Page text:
15 September 2018

Sols 2170-2171: Go for Drill at Inverness!

Posted by Ryan Anderson

In our previous plan, we assessed the suitability of the Inverness target for drilling. We used APXS to determine if it fell within the required geochemical parameters, first brushing to remove excess dust and then using curium to irradiate the target and acquire whole-rock geochemical data. Curiosity also did a series of ‘stress tests’ to test the integrity of the target, and check whether it would be strong enough to withstand our percussive drill technique without shattering. At the beginning of today’s planning, we received data which confirmed that Inverness had passed our tests. Drilling begins tomorrow (sol 2170) on what will hopefully be our 18thsuccessful drill hole in Gale crater!

If successful, the resulting sample will be processed internally by CheMin (to assess mineralogical composition) and possibly SAM (to look for chemical signatures). The remaining collected drill sample will be dumped at a later date, so MAHLI will take imagery of potential dump locations on sol 2170 to help with later analysis. A pile of ‘tailings’ will also be generated around the drill hole by the drilling activity. These tailings will be analyzed by ChemCam, APXS and MAHLI in the coming weeks – Mastcam will acquire images of the drill-hole and multispectral images on the tailings on sol 2171.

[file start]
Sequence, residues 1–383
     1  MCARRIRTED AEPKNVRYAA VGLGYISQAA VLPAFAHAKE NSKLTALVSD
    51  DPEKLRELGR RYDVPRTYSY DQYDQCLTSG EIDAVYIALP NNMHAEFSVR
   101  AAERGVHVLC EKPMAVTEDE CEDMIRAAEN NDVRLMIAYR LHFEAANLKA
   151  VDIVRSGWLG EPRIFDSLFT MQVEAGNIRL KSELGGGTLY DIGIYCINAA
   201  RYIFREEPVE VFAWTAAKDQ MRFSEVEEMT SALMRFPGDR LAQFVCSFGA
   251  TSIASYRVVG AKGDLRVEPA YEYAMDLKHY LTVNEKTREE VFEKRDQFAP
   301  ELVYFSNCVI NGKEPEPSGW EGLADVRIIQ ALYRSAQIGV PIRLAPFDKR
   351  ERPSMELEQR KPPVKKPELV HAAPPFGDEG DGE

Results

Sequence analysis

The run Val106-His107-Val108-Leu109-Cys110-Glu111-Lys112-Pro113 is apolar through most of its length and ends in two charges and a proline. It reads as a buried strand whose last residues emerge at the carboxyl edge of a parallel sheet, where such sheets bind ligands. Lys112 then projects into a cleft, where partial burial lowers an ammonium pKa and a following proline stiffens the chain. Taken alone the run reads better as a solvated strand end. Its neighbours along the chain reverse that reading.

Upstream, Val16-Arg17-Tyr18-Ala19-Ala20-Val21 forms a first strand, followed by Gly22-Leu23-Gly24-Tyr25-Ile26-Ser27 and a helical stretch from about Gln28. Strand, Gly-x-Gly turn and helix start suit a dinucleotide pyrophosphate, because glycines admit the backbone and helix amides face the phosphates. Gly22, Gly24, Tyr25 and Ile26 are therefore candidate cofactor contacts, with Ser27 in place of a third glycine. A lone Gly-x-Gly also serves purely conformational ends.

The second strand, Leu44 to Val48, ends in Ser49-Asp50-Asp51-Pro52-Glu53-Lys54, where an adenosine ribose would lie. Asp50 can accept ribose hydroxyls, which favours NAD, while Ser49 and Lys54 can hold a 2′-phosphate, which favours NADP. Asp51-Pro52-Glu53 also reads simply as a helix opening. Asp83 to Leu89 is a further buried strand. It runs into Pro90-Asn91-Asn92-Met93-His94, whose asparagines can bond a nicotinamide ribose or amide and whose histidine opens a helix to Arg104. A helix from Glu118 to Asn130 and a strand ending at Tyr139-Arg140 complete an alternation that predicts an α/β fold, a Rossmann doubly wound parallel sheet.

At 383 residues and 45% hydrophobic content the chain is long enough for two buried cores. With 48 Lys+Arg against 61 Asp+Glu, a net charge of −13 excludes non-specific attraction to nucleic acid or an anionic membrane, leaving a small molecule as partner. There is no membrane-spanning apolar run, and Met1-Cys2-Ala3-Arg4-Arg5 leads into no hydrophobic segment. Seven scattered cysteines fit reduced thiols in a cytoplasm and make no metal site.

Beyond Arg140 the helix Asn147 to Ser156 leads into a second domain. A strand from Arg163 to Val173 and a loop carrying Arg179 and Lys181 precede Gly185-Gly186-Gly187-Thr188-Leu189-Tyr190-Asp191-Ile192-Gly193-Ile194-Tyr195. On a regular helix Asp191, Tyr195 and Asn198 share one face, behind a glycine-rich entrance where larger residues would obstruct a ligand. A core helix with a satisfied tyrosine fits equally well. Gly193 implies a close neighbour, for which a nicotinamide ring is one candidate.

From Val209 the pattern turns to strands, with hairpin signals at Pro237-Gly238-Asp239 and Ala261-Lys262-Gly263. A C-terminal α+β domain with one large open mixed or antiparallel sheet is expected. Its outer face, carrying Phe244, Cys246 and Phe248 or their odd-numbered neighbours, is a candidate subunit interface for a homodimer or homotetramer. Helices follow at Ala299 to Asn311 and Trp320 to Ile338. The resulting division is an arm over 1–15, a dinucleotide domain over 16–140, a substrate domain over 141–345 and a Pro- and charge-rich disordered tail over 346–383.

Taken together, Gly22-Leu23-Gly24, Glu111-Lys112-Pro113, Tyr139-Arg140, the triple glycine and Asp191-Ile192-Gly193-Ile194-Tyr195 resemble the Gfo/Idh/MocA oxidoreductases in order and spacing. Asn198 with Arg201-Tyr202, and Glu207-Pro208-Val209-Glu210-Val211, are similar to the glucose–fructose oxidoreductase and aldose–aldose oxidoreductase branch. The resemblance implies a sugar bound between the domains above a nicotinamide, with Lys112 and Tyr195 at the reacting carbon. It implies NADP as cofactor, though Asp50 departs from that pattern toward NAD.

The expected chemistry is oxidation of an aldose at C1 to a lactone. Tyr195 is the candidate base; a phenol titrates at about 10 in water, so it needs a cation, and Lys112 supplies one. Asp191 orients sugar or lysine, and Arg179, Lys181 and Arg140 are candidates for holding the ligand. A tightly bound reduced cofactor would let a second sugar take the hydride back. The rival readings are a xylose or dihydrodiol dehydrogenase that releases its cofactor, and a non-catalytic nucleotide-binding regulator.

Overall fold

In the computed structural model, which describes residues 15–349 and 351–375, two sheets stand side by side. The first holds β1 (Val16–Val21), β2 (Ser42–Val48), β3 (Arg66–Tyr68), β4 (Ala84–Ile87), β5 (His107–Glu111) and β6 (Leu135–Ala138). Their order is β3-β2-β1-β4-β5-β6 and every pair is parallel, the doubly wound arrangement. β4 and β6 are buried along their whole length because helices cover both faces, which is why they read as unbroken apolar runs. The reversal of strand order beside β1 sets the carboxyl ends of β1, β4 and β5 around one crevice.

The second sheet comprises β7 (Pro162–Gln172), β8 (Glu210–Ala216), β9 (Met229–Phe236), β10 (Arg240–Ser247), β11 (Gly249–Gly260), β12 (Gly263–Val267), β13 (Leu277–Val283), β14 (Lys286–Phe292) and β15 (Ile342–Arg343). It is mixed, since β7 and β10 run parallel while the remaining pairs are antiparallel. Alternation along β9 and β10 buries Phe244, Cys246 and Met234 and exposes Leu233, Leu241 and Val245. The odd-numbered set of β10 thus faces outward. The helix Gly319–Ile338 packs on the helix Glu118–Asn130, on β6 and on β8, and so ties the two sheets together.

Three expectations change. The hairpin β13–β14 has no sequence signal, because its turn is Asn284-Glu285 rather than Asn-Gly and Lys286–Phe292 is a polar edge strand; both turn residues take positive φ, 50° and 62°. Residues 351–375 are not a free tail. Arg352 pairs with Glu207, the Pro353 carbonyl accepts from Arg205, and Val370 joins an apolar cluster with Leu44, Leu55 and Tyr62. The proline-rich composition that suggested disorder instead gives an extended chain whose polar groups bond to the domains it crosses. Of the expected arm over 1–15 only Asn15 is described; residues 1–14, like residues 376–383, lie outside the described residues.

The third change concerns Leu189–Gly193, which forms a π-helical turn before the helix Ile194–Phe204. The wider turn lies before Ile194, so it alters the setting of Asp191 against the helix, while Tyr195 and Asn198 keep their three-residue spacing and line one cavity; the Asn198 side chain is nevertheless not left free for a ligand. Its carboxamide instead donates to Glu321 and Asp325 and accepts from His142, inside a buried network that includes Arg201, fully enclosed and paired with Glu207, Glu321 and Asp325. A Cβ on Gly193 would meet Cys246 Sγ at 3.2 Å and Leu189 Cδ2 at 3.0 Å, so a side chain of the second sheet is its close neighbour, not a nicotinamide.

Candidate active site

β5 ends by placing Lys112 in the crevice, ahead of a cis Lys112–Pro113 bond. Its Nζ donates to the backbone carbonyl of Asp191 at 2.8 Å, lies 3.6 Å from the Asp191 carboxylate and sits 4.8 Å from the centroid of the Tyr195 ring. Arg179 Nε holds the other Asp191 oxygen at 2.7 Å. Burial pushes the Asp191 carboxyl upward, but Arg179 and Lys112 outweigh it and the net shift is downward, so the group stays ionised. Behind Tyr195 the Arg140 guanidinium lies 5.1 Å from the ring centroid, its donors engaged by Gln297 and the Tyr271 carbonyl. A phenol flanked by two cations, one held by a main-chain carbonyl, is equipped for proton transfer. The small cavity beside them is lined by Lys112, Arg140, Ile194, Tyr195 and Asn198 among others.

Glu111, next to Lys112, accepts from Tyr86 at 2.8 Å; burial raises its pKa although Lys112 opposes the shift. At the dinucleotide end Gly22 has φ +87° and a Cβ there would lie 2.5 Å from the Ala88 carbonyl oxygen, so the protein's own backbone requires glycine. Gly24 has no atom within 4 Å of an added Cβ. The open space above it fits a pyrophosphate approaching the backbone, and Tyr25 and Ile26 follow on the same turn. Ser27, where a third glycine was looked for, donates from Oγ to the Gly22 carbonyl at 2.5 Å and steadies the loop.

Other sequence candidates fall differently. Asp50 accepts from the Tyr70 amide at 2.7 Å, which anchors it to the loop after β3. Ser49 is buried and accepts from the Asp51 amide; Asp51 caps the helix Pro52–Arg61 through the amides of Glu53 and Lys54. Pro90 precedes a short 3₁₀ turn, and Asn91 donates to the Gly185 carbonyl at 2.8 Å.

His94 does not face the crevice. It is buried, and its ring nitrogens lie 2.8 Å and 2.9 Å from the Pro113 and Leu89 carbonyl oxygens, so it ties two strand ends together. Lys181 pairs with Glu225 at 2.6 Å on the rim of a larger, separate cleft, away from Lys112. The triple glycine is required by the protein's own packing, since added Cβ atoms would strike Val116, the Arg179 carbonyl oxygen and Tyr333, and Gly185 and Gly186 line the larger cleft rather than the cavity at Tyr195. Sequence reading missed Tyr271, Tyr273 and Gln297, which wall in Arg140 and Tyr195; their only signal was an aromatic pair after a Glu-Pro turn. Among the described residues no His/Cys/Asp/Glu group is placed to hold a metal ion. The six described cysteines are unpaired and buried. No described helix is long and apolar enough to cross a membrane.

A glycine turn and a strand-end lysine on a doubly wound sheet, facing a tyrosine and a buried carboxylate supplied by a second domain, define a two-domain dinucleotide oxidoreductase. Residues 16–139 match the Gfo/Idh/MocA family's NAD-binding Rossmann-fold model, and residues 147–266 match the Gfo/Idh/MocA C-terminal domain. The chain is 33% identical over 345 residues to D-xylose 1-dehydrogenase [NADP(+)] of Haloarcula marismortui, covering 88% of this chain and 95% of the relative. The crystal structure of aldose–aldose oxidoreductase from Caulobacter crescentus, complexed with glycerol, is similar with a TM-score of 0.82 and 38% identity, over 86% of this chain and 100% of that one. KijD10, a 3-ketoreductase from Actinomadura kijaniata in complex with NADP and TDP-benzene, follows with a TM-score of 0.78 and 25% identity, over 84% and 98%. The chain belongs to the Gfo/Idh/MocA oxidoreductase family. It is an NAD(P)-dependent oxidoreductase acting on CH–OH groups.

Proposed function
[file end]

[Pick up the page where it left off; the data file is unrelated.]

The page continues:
Today’s 2-sol plan included three ChemCam LIBS targets on sol 2171 on an interesting network of veins and diagenetic features, revealed in the MAHLI image of the brushed Inverness target (shown above). ‘Pentland’ (to the left of the image) consists of large veins. ‘Black Isle’ is a grey, raised, nodular feature, in the right of the image, whilst ‘Grange’ is a white patch, just below the brushed area. These targets will also help us look for variations across the Inverness block. All three targets will be imaged using Mastcam.

Although the plan is packed with drill related activities, we still fit in environmental monitoring activities, such as the Mastcam tau (to determine the amount of dust in the atmospheric column), standard DAN and REMS activities, and continuing Mastcam change detection of the targets Sandend and Skene (looking for evidence of grain movement, wind directions and strength).

Although drill campaigns can take up to two weeks to complete, we are starting to look ahead, thinking of our next potential drill site. Mastcam multispectral images taken on sol 2171 will be used to help us decide which direction to head in next!

Written by Catherine O’Connell, Planetary Geologist at University of New Brunswick